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© Research
Publication : Experimental cell research

Dynamics of mutated GFAP aggregates revealed by real-time imaging of an astrocyte model of Alexander disease

Scientific Fields
Diseases
Organisms
Applications
Technique

Published in Experimental cell research - 24 May 2007

Mignot C, Delarasse C, Escaich S, Della Gaspera B, Noé E, Colucci-Guyon E, Babinet C, Pekny M, Vicart P, Boespflug-Tanguy O, Dautigny A, Rodriguez D, Pham-Dinh D

Link to Pubmed [PMID] – 17604020

Exp. Cell Res. 2007 Aug;313(13):2766-79

Alexander disease (AxD) is a rare neurodegenerative disorder characterized by large cytoplasmic aggregates in astrocytes and myelin abnormalities and caused by dominant mutations in the gene encoding glial fibrillary acidic protein (GFAP), the main intermediate filament protein in astrocytes. We tested the effects of three mutations (R236H, R76H and L232P) associated with AxD in cells transiently expressing mutated GFAP fused to green fluorescent protein (GFP). Mutated GFAP-GFP expressed in astrocytes formed networks or aggregates similar to those found in the brains of patients with the disease. Time-lapse recordings of living astrocytes showed that aggregates of mutated GFAP-GFP may either disappear, associated with cell survival, or coalesce in a huge juxtanuclear structure associated with cell death. Immunolabeling of fixed cells suggested that this gathering of aggregates forms an aggresome-like structure. Proteasome inhibition and immunoprecipitation assays revealed mutated GFAP-GFP ubiquitination, suggesting a role of the ubiquitin-proteasome system in the disaggregation process. In astrocytes from wild-type-, GFAP-, and vimentin-deficient mice, mutated GFAP-GFP aggregated or formed a network, depending on qualitative and quantitative interactions with normal intermediate filament partners. Particularly, vimentin displayed an anti-aggregation effect on mutated GFAP. Our data indicate a dynamic and reversible aggregation of mutated GFAP, suggesting that therapeutic approaches may be possible.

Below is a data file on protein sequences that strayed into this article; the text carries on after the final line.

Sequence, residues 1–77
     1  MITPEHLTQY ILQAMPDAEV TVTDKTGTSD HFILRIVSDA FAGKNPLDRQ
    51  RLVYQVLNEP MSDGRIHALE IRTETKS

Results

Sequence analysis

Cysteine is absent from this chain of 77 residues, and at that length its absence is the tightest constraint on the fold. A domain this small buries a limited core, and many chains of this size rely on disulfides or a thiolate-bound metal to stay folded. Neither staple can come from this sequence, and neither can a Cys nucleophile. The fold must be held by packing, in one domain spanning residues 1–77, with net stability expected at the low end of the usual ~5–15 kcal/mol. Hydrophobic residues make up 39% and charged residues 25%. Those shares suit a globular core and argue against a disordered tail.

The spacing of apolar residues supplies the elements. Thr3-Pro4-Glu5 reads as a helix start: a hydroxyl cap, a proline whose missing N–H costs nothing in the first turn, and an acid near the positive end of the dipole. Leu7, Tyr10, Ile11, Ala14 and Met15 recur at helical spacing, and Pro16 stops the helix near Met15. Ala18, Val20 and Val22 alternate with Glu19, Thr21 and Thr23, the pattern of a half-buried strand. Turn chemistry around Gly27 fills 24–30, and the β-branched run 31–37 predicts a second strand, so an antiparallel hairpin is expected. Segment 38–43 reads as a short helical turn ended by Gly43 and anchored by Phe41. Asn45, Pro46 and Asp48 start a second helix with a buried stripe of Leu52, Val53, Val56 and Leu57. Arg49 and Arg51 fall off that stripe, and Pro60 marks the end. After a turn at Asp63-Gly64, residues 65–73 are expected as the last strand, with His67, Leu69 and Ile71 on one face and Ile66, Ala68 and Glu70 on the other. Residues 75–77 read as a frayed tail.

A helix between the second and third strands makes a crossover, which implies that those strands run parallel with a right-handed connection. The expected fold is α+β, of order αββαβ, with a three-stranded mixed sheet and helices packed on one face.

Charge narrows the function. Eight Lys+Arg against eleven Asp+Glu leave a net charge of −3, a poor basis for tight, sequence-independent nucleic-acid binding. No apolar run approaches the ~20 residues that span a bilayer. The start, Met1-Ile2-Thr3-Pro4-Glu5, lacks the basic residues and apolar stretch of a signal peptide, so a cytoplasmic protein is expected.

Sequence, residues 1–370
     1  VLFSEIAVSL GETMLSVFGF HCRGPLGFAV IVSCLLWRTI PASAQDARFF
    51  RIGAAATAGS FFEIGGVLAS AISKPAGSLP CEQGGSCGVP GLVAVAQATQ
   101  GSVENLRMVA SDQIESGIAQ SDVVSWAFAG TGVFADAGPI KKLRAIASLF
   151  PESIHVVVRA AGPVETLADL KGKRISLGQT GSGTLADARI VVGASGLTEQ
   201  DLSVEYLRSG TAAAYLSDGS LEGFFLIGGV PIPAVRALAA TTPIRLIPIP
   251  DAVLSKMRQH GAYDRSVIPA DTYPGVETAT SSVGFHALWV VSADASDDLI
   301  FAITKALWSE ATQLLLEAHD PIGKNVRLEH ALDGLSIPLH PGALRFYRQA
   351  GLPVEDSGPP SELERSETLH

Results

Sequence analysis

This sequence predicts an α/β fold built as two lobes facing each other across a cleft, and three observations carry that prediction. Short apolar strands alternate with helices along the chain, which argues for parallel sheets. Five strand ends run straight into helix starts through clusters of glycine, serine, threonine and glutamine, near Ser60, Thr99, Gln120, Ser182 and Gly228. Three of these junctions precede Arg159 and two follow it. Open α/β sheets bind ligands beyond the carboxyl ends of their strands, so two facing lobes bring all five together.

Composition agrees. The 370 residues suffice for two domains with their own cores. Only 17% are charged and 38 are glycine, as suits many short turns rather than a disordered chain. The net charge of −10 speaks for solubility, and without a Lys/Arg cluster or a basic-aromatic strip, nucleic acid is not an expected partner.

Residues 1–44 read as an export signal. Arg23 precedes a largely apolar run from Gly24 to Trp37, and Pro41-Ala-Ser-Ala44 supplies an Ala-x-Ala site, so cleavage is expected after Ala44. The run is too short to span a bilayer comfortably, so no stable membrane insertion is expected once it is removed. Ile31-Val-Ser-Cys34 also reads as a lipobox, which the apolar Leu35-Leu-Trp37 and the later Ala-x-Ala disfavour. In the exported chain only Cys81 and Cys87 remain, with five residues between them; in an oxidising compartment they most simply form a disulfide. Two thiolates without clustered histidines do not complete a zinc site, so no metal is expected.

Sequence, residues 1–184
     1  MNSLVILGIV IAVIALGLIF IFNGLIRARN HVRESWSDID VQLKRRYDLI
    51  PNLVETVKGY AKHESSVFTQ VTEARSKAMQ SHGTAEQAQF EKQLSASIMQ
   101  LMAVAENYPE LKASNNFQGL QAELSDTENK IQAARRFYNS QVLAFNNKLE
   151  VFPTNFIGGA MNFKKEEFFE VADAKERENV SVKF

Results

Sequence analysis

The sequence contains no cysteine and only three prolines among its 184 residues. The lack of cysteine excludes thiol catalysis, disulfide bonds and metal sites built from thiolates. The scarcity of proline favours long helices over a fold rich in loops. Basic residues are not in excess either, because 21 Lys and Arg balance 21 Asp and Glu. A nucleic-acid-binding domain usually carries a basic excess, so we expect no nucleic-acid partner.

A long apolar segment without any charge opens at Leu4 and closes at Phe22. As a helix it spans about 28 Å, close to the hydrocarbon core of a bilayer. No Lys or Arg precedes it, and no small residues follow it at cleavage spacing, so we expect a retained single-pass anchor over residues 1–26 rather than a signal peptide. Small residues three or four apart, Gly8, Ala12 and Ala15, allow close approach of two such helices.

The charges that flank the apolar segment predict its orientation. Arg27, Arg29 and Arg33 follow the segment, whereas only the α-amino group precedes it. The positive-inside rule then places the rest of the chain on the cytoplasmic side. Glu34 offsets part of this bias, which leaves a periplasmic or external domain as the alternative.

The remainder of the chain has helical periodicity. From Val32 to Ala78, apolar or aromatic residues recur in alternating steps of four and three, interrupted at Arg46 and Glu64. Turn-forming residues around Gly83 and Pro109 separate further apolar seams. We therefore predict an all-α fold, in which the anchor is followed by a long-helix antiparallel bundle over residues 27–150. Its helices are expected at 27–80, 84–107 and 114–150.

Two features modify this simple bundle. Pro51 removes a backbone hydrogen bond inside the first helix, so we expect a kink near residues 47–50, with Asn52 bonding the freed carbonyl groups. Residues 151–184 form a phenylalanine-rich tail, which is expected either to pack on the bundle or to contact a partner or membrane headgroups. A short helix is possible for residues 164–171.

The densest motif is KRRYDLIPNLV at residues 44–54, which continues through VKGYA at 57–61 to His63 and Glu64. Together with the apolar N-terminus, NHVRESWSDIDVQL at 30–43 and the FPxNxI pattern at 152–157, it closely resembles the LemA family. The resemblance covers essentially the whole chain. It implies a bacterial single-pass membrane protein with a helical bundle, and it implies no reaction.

http://www.ncbi.nlm.nih.gov/pubmed/17604020